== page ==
For the past few years, crime has been mostly a good news story — the crime rate remains near record lows. But several major U.S. cities have been experiencing a rise in homicides and other violence this year.
Now, the Justice Department is bringing together police and prosecutors to figure out what's going on, and how the federal government can help.
Attorney General Loretta Lynch sat down with NPR's Carrie Johnson ahead of her agency's Violent Crime Summit this week, which Lynch says will allow local officials "to talk about what they're seeing in their communities" and learn from situations where violent crime has gone down.
Lynch also discussed tension between police and their communities, an issue that has been on her plate since she took office. She visited Baltimore in May, shortly after she took office, amid unrest in in the city over the death of Freddie Gray. Her department, she said, is trying to provide an opportunity for conversation. She said in talking with police officers, young people and elected officials, she heard commonalities — all of them talked about loving their city and wanting to make it better. "When people are saying that kind of common element," Lynch said, "they can do it."
Tune in to NPR's Morning Edition on Wednesday to hear part of this interview.
On causes of violent crime
Every city's different; every city presents different issues. Sometimes there might be a meth problem or an opioid issue. Sometimes the issue might arise from gang violence. Sadly, domestic violence is a concern for us as well. ... The causes of what we're seeing are so varied. And we're still looking to determine frankly what are we fully seeing. We don't have all the data in from 2015. So we don't know yet whether this is a long-term, sustained problem or things that happened over the summer or that may in fact be limited to an episodic issue in a particular city. But we hope to get that info from our colleagues with whom we'll be meeting [Wednesday].
On whether police are holding back after Ferguson
What we're seeing is that police departments are more challenged than ever, particularly in times of limited municipal resources. So one of the issues we're seeing that may be a factor here, frankly may be where we don't have sufficient police resources on the ground. ... Our cops office provides resources and grants that can aid in literally hiring and bringing on board additional officers as well as providing training for the officers on the ground. But there's really no one root cause of this. What we've seen, frankly, is a lot of dedication, a lot of hard work from not just police but from the elected officials, from the community members; everyone in the jurisdiction that has seen any type of violent crime increase is looking at it from the perspective of how can they best protect that community?
On equal opportunity
As I look out at all of our communities, we want all of our children to have equal opportunities; we want them all to feel equally safe, whether they're walking home from school or a basketball game; and we want them to know there's someone to whom they can reach out when they do feel endangered.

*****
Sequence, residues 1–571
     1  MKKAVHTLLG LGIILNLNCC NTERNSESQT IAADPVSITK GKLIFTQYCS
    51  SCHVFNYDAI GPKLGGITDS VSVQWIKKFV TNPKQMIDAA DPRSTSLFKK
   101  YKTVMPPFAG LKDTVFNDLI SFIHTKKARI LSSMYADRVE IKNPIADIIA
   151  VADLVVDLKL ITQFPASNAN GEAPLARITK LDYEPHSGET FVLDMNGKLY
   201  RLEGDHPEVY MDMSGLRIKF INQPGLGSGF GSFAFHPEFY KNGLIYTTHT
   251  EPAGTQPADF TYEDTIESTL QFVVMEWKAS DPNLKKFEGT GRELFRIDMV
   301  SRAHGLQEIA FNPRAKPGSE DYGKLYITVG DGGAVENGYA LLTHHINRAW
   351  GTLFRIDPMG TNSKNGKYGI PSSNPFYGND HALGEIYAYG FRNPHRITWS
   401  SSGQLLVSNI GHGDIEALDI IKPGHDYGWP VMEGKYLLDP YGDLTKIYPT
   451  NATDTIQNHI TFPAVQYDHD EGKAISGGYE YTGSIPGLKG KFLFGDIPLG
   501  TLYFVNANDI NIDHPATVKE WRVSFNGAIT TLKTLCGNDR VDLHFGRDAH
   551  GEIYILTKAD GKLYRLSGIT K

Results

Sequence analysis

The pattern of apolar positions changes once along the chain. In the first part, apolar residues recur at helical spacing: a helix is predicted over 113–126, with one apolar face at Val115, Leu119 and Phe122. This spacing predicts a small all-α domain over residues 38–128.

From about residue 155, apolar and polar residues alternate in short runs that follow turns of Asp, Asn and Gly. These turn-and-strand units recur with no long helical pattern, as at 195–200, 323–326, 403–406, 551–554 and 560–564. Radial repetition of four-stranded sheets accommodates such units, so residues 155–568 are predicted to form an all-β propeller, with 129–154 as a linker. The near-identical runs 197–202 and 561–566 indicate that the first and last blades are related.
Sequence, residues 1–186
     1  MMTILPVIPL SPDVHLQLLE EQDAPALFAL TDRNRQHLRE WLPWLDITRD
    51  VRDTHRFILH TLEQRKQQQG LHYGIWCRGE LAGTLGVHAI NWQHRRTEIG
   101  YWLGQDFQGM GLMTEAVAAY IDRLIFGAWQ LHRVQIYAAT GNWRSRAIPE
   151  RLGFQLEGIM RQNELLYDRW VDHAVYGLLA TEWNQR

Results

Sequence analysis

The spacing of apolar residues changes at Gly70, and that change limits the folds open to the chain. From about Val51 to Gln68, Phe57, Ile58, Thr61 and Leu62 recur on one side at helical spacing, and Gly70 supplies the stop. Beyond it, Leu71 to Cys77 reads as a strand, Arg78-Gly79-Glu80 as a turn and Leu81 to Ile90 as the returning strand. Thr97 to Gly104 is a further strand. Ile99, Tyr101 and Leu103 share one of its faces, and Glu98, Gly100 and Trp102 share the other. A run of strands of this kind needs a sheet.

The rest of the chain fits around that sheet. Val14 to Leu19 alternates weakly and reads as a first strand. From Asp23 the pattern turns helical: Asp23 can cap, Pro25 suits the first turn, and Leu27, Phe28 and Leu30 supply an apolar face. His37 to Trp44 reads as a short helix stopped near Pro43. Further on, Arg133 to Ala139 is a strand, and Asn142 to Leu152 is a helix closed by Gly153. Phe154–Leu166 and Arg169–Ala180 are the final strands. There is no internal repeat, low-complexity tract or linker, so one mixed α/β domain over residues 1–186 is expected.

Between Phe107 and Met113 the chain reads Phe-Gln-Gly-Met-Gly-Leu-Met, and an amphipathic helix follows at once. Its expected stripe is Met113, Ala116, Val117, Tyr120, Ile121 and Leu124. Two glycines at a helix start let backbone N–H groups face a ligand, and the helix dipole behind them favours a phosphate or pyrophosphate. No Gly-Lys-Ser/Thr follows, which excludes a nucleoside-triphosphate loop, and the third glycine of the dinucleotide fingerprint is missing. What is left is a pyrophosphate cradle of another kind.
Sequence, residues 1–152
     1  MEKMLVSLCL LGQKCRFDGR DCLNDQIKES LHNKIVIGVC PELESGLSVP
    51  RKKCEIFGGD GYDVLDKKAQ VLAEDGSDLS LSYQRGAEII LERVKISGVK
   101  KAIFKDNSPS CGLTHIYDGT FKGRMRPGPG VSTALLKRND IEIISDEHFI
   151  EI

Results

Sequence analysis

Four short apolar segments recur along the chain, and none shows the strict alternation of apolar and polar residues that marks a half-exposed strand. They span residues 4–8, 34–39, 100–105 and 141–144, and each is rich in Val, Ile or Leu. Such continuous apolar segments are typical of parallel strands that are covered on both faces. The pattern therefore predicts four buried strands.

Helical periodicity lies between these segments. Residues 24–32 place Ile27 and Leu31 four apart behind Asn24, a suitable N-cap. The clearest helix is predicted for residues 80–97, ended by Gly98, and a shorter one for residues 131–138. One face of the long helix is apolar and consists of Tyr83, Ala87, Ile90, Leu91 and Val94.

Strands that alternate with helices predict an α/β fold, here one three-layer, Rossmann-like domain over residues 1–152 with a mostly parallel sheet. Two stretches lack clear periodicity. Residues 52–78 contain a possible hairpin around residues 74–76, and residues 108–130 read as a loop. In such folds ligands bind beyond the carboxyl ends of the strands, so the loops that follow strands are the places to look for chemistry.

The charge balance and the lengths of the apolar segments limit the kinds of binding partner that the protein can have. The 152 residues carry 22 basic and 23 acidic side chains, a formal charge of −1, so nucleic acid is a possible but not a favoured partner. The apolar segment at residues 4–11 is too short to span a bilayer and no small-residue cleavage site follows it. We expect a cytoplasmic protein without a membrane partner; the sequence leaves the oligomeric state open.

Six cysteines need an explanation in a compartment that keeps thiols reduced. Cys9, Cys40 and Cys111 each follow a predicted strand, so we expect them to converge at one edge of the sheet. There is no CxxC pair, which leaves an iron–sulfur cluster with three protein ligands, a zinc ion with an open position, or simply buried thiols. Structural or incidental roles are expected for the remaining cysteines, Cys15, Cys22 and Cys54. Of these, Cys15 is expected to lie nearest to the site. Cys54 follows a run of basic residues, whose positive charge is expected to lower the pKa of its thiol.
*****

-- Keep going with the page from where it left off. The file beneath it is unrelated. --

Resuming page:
On whether tension between police and communities has eased
I think that if anyone is living in a place where they don't feel safe, they're going to have tension, whether that's a community member or a member of law enforcement. But out of tension comes opportunity. And we are trying to foster an opportunity for conversation, for dialogue, for resolution. One of the things I did notice when I went to Baltimore was the commonality of everyone's statements — I talked to police officers who had worked the streets, I talked to young people who were fighting for change, I talked to residents and elected officials and they were all saying the same thing: "This is a great city; I love my city and I want to make it better."
When people are saying that kind of common element ... they can do it.
On forthcoming release of about 6,000 prison inmates after action from the U.S. Sentencing Commission to reduce prison terms for drug offenders
This is simply an action of law. The Sentencing Commission made some changes in the way sentences would be calculated. A number of cases are being referred to judges and it will be the courts who decide if and when someone is released. Once that happens, if that happens, we expect those individuals will hopefully be able to be re-integrated into society. A vast number of them are not going to stay here; a vast number of them are eligible for deportation and will be removed.
On the FBI's ongoing inquiry into Hillary Clinton's emails
As you've noted, we've received some requests to look into some matters involving the way in which emails were handled. It's a matter that's being reviewed and looked into by the FBI. Beyond that I'm not able to comment further on it.